Choices stack up for holiday books
Nothing tops curling up Christmas night with a new novel
Some of my best holiday memories involve curling up in front of the Christmas tree with a new book. Or watching the joy on family members' faces when they unwrap a novel they had been dying to read.
This year gift givers have a bevy of choices, particularly in the fiction arena. Consider the latest from Suzanne Berne, 'The Ghost at the Table' (Algonquin Books of Chapel Hill), which focuses on the dynamics between two sisters and their distant father as the family gathers for Thanksgiving dinner.
Berne, the author of two previous novels, is an adept and talented writer who deserves to be touted more often.
Heidi Julavits, on the other hand, is often noted as a young author to watch. And with good reason. Her third book, 'The Uses of Enchantment' (Doubleday), is a multilayered, bewitching drama about a teenage girl, Mary Veal, who may or may not have been kidnapped and mysteriously released. Years later the question of what really happened haunts the adult Mary as she returns home to bury her mother.
If it's a straight mystery you're after, consider 'Echo Park' (Little, Brown) by Michael Connelly. LAPD detective Harry Bosch receives new information on a case that has haunted him for more than a decade. It also brings up the possibility that Bosch and his partner may have missed a clue that could have prevented several murders.
While Connelly is known as a master of crime fiction, Julia Spencer-Fleming is quickly becoming a mystery author who straddles the boundaries of 'cozy' versus 'hard-boiled.'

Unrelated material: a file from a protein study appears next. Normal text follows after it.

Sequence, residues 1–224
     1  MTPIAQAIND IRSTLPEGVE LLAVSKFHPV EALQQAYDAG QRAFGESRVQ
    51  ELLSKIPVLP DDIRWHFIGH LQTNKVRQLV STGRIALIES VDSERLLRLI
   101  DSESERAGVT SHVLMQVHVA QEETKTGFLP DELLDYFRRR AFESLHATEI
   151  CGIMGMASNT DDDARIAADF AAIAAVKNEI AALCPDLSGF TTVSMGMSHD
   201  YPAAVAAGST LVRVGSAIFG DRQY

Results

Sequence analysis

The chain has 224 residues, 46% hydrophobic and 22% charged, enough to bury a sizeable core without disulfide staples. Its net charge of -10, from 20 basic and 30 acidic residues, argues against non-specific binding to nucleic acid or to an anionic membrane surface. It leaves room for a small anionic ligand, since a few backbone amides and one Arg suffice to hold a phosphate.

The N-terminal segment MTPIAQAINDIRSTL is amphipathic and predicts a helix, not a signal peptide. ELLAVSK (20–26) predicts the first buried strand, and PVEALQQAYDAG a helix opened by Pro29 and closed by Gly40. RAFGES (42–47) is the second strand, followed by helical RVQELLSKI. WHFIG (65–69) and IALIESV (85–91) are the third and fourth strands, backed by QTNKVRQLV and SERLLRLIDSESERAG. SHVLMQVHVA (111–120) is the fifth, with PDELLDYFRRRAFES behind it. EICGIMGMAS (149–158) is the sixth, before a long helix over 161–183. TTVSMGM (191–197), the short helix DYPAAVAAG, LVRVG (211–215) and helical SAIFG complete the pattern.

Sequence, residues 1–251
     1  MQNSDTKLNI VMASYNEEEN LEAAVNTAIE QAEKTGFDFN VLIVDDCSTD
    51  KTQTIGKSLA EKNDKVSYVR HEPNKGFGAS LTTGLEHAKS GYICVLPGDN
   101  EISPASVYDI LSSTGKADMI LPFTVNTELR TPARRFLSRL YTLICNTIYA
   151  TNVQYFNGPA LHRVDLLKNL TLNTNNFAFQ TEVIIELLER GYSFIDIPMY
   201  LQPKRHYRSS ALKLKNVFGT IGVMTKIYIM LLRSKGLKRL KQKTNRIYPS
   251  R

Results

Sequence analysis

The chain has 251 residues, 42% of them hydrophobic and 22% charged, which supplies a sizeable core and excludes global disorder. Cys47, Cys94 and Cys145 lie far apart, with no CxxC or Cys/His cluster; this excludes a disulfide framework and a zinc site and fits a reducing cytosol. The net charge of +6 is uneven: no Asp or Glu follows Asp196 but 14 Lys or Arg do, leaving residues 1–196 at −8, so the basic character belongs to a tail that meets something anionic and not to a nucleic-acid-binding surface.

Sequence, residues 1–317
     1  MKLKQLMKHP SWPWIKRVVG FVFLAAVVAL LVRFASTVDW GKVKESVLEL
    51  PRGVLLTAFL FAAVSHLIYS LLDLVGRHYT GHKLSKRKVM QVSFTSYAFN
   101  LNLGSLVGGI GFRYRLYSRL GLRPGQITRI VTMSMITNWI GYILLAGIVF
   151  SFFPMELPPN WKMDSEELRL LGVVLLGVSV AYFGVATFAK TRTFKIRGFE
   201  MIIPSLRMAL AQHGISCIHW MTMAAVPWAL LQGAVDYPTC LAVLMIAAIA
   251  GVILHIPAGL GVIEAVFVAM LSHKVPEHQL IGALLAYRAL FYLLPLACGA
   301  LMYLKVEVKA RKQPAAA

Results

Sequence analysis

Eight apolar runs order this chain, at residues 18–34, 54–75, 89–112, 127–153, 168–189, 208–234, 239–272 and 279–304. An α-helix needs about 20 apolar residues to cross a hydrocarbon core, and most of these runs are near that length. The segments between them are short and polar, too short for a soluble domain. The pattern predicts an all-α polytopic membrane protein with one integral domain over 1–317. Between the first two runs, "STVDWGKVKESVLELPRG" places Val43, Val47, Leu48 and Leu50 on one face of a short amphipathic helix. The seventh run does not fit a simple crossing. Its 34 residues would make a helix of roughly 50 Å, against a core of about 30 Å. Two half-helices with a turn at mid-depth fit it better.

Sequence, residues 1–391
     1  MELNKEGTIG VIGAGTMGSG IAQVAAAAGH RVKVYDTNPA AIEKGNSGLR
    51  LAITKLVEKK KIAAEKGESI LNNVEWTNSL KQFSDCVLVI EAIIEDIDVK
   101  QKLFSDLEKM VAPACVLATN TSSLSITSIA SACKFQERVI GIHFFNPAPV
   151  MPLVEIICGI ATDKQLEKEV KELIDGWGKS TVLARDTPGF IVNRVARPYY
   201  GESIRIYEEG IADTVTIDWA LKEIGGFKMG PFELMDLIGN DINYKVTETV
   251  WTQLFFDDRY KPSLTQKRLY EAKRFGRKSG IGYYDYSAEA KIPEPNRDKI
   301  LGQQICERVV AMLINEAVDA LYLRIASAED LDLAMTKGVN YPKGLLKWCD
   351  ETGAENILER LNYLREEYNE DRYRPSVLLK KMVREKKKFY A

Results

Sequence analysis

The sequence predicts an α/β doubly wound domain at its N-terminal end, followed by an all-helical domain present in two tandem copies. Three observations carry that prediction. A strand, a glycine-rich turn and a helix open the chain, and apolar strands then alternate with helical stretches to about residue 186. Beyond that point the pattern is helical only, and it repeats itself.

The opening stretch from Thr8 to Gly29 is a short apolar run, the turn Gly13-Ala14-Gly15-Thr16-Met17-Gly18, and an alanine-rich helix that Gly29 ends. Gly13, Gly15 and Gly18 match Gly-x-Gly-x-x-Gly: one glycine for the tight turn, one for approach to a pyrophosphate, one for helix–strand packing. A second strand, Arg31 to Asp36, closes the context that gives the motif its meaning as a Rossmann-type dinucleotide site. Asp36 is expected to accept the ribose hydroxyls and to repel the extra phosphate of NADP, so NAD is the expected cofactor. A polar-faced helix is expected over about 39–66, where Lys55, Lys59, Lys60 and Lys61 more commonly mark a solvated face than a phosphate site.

Her engaging heroine, Clare Fergusson, is a former Army helicopter pilot turned Episcopalian priest. 'All Mortal Flesh' (Thomas Dunne Books), the fifth in her series, finds the good reverend caught up in an innocent but devastating love affair with murderous overtones.
Affairs of the heart abound in 'Dark Angels' (Crown) by Karleen Koen. This is a book for which her fans have waited 20 years, since the publication of 'Through a Glass Darkly.'
Set in the rowdy era of Charles II, the prequel centers around Alice Verney, a young woman who becomes caught up in scandal, romance and intrigue. If your best friend devoured 'Forever Amber,' this is the book for her.
On the other hand, if your scholarly sister scoffs at light fiction, buy her the latest book by Daniel Mendelsohn, 'The Lost: A Search for Six of Six Million' (HarperCollins). This is a fascinating and heartbreaking journey into the lives of six of Mendelsohn's relatives who disappeared during the Holocaust.
In a lighter but no less absorbing vein, there's 'Cross-X' (Farrar, Straus and Giroux) by Joe Miller. The wordy subtitle does a superb job of summing up the subject matter: 'The amazing true story of how the most unlikely team from the most unlikely of places overcame staggering obstacles at home and at school to challenge the debate community on race, power and education.'
Think Rocky meets your high school's debate team.
Some of my friends appreciate books they can dip into. Gift givers can't go wrong with 'Housekeeping vs. the Dirt' (McSweeney's) by Nick Hornby. This lucky author has a column in the Believer magazine where all he does is chat about the books he's been reading.
Part book review, part musing on whatever strikes his fancy, Hornby's collected essays are a joy to read.
Short-story lovers will enjoy 'The Unfinished Novel and Other Stories' (Vintage) by Valerie Martin. Released in paperback, it's a tribute to Martin's unerring sense of what makes an artistic person tick.
Although it was published more than two decades ago, I have to make mention of the best book I have read this year.
'Fools of Fortune' (Penguin Classics), by the inimitable William Trevor, takes place in Ireland shortly after World War I and centers on the midnight torching of a wealthy family's estate. It is a mesmerizing story of love and revenge that begs for multiple rereadings. Be sure to include this novel on your personal wish list.